The most useful thing I ever made from palette wood
I recently got asked what was the most useful thing I ever made from pallet wood. I knew the answer immediately, but was somewhat reluctant to reply. Truth is, I’m almost embarrassed to say ‘made’ with regards to this object, but it is a fact that my little wooden phone stand is the most useful thing I have ever made from pallets. Well, it was made from the off cut from one plank of pallet wood, but I figure that still counts.
It took less than an hour to create if you exclude the time it took for the varnish to dry. Of all the pallet projects, this is the one that gets almost daily use in my home.
How to make a simple bedside phone stand
I cut the end off a pallet plank. The resulting piece was slightly longer than the length of my smartphone. I double checked and treble checked that the ends were square and flush with the sides. On smaller pieces of woodwork, even the tiniest errors in angles will be immediately visible to anyone who looks at it. I used a rough grit sandpaper to flatten out lumps and bumps till all was perfectly square and the surfaces looked nice and clean.
I wear a mask when sanding pallet wood as I don’t really know what is on the surface and don’t want it getting into my lungs.
Next, using a properly sharpened pencil I marked up a couple of lines across the top for the groove where the phone will sit. They sat about a third of the way back from what I had decided was the ‘front’ and the space between them was 1.5cm. Again, measuring and re-measuring, ensuring the lines were straight was what took the most time, but it was time well spent.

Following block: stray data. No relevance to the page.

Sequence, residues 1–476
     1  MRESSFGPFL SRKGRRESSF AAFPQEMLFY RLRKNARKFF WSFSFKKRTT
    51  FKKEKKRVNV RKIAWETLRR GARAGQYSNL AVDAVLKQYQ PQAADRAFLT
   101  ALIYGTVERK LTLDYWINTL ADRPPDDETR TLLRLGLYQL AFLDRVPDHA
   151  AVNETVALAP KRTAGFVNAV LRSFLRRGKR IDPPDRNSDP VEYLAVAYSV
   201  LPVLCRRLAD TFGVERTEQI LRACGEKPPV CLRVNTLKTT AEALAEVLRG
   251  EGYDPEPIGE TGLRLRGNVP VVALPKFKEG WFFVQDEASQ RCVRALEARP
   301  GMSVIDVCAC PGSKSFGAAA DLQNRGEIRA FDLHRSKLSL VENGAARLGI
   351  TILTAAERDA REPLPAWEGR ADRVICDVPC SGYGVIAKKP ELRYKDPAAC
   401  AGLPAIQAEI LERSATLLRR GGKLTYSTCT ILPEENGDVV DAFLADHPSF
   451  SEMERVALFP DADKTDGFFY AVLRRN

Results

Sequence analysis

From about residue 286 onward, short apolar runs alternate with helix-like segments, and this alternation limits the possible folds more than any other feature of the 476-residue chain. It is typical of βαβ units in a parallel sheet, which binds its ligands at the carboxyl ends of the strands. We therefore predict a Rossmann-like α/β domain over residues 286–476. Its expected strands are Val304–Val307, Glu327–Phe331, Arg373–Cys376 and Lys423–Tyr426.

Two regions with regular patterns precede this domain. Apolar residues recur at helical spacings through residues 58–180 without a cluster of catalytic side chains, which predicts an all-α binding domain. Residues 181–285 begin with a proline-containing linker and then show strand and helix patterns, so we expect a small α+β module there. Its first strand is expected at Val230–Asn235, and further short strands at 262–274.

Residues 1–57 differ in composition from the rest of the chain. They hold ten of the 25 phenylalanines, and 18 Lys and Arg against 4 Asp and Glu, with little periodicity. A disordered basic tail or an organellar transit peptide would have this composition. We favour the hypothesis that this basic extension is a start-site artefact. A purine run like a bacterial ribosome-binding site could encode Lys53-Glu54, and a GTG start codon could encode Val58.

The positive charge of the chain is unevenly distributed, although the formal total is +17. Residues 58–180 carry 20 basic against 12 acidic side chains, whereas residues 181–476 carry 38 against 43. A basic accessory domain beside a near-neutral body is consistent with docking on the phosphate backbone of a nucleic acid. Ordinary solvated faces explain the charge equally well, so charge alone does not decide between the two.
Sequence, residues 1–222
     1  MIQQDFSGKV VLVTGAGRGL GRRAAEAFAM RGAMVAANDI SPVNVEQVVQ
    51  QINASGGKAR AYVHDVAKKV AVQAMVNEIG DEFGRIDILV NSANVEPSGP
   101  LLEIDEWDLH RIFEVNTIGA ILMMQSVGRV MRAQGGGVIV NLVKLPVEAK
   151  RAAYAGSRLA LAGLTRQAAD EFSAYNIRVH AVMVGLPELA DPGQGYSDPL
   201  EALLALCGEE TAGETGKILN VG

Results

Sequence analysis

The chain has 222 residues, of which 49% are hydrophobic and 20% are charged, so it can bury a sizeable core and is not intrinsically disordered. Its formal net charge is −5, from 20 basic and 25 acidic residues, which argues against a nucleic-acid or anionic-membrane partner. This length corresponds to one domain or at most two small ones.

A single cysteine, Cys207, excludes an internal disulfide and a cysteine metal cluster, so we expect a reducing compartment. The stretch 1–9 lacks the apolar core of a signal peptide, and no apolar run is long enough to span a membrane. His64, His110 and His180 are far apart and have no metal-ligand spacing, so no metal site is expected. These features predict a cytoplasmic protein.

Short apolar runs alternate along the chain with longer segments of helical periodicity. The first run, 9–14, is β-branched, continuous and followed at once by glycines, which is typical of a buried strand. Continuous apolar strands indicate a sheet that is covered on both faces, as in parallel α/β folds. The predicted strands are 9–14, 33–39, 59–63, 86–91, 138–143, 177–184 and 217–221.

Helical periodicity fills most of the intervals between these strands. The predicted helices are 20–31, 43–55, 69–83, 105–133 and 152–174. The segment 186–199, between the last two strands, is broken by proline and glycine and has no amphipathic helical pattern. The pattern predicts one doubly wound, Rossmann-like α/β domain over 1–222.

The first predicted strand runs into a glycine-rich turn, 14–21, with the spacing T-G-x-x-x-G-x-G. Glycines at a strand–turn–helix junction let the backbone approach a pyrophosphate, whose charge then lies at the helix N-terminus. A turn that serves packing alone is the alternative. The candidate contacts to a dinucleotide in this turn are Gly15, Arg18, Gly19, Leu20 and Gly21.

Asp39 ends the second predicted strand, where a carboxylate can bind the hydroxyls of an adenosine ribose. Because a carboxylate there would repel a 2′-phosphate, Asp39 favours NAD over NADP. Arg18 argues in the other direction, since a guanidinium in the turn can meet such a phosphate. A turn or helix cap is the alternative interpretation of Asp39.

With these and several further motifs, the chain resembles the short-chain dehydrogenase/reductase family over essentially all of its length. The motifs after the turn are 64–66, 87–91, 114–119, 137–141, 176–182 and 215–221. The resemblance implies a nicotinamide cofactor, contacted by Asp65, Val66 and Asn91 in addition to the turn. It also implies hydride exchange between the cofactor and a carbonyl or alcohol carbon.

I cut along the two marked lines to a depth of about a quarter of the thickness of the piece of wood. I clamped the wood down to my workbench in a sandwich with a sacrificial piece of scrap beneath and a thin bit of scrap on top to stop the d-clamp marking the wood. I used my ancient mitre saw to provide really accurate cut lines.
Next I cut another line between the two. This was just to make removing the waste easier. It gave me two thin pieces of wood to remove to make my groove.
It only took a minute using a chisel to take out the two thin pieces and then about five minutes sanding to get a nice smooth interior. I simply wrapped a bit of sandpaper round a pencil and filed it back and forward in the gap I had made to get an nice rounded bottom of the groove.
Shaping the front
The d-shaped curve at the front of the piece of wood was done by eye. Rather than measure it, I planed a few strokes off the corner with a mini plane and then finished the curve by holding a piece of sandpaper in my palm and running the front edge back and forward in my hand till it was uniformly curved.
Finishing the piece
The the whole thing was polished smooth with a fine grain wet and dry paper.
Finally I applied a couple of coats of teak oil to protect the surfaces (sanding lightly with the wet and dry between coats of course) and the job was done.
I had thought it would be too simple to be effective. I considered adding an extra lip to sit behind the phone for extra support, simply because a block of scrapwood with a groove in it was somehow not complex enough. However as soon as I dropped the phone into the slot for the first time I knew that no further work was required. Now I revel in the simplicity of the thing and feel proud to have taken the (admittedly very small) effort required to make it.